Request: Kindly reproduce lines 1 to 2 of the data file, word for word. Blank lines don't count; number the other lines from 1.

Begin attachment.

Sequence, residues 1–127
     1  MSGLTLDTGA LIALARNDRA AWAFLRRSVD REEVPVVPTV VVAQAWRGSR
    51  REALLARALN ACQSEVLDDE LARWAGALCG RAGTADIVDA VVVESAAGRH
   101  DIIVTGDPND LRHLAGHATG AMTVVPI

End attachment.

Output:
Sequence, residues 1–127
     1  MSGLTLDTGA LIALARNDRA AWAFLRRSVD REEVPVVPTV VVAQAWRGSR